Diving under the Volcano
SCUBA Diving in Montserrat

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Monserrat, a tiny island in the eastern Caribbean, got tremendous publicity from her erupting volcano. The volcano has brought destruction to the southern part of the island, indeed. However, a large part of the island remains safe from the fiery mountain. In this part of the island, the mountains are covered with lush tropical vegetation. Some secluded beaches invite sunbathers and swimmers, and the spectacle of an erupting volcano can be witnessed from a safe distance.
Some of Montserrat's greatest treasures lie in the sea. This volcanic island was never densely populated. In her best times before the Souffriere Hills Volcano erupted, not more than 12 000 people lived on the island, too few to seriously pollute the surrounding sea. Thus, Montserrat is one of only very few places in the Caribbean, where hard corals are virtually free of the destructive diseases attributed to pollution.
The island is surrounded by a shelf that gently slopes from the coast to about 60 feet depth. Then the sea floor abruptly drops into the abyss of the Caribbean Sea. The shelf is covered with sand and volcanic rocks. The rocks form the base of extensive patch reefs. The rim of the shelf slopes down by about 45 degree. Outcroppings of rocky material provide substrate for deep water reef communities.
The east coast of the island is exposed to the heavy surf driven from the Atlantic by the trade winds. Only the hardiest of the species can cope with the forces of the heavy surges that constantly wash over the rocks. The conditions for diving and snorkeling on the east coast are very demanding and only the most well trained and strongest individuals should attempt it.
The west coast is in the lee of the island for the most part of the year. Thus, the conditions are usually calm and the shallow reefs could develop to their full potential. Most of the diving and snorkeling is done on the West coast. However in the winter months quite often waves from the North West can generate heavy surf on this side of the island too.In general, the distribution pattern of rocks and sand mirrors the contour of the coast line. At places where the coastline is shallow and where beaches form, the sea floor is usually sand bottom. Under cliffs, the sea floor is usually littered with rocks and stony ledges. Here, the diving is spectacular.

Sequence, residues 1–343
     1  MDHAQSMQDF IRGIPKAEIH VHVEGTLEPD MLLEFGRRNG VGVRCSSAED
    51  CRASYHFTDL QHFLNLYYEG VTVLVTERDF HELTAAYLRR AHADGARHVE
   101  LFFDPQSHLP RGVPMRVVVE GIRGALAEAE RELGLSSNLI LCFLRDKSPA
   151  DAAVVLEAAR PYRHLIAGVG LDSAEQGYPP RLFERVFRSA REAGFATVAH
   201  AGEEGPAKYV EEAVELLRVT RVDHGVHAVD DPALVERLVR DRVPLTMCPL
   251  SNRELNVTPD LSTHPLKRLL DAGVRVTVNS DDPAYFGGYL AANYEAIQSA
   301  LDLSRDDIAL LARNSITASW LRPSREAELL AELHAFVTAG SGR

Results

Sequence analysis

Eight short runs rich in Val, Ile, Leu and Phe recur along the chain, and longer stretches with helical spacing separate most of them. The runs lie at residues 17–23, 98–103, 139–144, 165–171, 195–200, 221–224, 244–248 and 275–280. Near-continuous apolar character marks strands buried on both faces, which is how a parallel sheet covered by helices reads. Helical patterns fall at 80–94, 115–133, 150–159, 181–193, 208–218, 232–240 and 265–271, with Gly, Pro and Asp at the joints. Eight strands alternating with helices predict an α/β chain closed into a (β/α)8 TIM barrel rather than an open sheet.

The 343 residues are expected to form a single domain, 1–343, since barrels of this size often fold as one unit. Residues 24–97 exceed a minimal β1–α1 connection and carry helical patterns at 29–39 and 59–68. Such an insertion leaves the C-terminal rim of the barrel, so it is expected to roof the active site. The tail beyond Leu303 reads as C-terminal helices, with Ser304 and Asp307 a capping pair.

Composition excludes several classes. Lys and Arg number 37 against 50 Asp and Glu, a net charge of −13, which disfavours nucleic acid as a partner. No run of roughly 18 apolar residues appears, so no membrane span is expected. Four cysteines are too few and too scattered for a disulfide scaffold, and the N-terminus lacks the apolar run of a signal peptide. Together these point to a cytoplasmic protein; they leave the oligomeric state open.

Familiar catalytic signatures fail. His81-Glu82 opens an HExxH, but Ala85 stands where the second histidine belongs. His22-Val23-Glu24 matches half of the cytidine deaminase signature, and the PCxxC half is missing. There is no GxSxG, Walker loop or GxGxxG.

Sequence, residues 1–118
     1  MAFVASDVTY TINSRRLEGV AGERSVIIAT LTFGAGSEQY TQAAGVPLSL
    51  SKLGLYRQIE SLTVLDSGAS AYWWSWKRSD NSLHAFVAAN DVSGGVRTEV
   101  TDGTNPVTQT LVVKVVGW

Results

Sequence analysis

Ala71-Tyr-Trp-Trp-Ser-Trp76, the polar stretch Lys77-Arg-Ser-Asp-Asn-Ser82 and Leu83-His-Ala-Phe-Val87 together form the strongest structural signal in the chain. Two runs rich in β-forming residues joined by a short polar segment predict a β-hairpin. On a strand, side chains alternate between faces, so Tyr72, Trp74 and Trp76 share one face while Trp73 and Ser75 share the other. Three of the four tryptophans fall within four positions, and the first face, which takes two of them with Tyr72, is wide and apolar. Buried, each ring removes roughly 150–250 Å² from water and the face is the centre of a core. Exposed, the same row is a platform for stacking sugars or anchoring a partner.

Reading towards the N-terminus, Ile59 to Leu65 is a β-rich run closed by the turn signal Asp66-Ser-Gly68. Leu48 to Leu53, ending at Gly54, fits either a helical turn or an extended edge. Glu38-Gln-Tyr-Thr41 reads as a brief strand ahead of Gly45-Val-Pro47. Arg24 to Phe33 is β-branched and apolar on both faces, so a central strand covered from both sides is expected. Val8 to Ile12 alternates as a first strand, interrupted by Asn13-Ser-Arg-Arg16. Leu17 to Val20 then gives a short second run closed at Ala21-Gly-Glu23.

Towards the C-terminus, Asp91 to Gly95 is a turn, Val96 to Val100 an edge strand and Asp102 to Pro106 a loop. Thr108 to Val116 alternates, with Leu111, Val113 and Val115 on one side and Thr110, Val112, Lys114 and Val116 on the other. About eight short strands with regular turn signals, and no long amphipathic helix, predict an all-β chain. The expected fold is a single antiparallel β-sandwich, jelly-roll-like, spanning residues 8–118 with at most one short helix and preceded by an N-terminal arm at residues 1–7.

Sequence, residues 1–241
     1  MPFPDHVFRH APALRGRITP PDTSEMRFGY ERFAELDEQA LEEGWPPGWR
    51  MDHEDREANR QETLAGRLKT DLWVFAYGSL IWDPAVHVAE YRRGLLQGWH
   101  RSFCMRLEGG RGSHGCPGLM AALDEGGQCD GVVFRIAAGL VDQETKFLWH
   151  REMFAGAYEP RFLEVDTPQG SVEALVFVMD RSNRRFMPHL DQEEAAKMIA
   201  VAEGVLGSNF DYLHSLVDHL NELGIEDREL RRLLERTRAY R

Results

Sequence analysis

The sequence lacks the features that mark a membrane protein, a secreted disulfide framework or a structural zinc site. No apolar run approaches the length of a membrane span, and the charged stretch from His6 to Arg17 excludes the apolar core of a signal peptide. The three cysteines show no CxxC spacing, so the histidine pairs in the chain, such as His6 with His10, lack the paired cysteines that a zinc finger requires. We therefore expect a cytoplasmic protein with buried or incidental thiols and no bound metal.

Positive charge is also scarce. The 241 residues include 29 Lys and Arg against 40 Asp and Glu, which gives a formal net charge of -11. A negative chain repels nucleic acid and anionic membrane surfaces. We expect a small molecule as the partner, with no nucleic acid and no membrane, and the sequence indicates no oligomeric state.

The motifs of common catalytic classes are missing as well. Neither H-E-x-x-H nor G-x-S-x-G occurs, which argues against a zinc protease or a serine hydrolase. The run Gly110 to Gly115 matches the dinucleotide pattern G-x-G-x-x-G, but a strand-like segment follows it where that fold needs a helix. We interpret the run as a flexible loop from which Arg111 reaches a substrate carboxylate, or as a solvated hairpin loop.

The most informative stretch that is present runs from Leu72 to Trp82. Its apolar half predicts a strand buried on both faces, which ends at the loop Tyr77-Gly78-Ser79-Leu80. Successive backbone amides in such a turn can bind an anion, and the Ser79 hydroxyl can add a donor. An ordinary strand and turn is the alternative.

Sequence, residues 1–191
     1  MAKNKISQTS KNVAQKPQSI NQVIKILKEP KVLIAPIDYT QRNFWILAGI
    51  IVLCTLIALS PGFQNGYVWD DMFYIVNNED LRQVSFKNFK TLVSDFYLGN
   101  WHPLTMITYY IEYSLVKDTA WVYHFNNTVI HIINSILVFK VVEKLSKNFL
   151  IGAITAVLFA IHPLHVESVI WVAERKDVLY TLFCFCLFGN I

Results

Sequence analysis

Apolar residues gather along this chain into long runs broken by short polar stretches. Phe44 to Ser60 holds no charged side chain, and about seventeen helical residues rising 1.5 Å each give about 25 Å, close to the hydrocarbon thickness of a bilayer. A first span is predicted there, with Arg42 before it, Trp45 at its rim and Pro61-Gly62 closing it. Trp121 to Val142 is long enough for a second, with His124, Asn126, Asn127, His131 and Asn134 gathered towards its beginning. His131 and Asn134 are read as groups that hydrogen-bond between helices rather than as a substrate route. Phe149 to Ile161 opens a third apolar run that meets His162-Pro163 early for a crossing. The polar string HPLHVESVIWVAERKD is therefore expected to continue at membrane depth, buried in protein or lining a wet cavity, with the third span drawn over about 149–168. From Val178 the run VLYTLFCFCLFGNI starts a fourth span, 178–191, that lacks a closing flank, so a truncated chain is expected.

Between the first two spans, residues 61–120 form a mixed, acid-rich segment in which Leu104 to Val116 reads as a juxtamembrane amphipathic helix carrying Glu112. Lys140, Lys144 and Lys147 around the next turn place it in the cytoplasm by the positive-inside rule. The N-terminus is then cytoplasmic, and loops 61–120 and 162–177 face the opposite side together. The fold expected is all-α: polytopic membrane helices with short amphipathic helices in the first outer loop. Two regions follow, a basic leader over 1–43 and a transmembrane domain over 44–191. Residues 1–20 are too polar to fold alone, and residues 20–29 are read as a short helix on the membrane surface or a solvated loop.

In the very shallow region (10 to 30 feet), adjacent to the cliffs, we find mostly boulders of variable sizes. They are covered with sponges, and hard corals. Small to medium size brain corals, star corals, and pillar corals compete for space. Sea plumes and sea fans provide a fairy-tale forest. Colorful reef fish dart around. Snails of all kind forage for food. An occasional octopus climbs over rocks, and in small caverns, formed by rocks piled one upon another, one might spot a spiny lobster. Cleaner shrimps and tiny cleaner fish advertise their services.
A little further out to the sea at a depth of 40 to 50 feet the bolder fields are replaced by rocky ledges separated by valleys, that often have been compared to isles in a supermarket. But what a supermarket! You could stay in one spot for an hour and you will not have seen all of the stunning details on the shelves. This is the region where large barrel sponges mimic medieval castles, where the brain and star corals grow to considerable sizes, where you find small caverns full of copper sweepers, spotted drums, and other creatures who wait out the daytime hours in the safety of their hiding places. Larger fish patrol the reefs and you may be lucky to find a sea turtle resting under a ledge.At about 50 feet the shelf of the island is covered by sand. The sand flat extends into the sea until it reaches the rim of the island's shelf in 60 to 70 feet of water. Here you enter the region of the deep reefs. They consist of large patches of rocky outcroppings embedded into the slope of the shelf. These areas are protected from the surges of most storms. The most delicate life forms of the tropical reef community can survive. You will find spectacular brain corals, star corals, gigantic barrel sponges and slender tube sponges. The fish are plentiful and most of them carry on their lives undisturbed by the visiting SCUBA diver. You may encounter huge pelagic fish darting along. Some areas may be covered with the delicate branches of the fragile staghorn coral, an ideal hiding place for the smaller and more timid creatures of the reef.
The activity of the Soufriere Hills Volcano has gone back to almost the pre-volcanic level. However, some restrictions still apply and diving mainly done in the northern part of the island. The area from Old Road Bluff to the North West Bluff comprises the majority of the dive sites anyhow. The relaxation of the safety restrictions will allow us soon to dive on the new lava deposits. We will witness the formation of new coral reefs.

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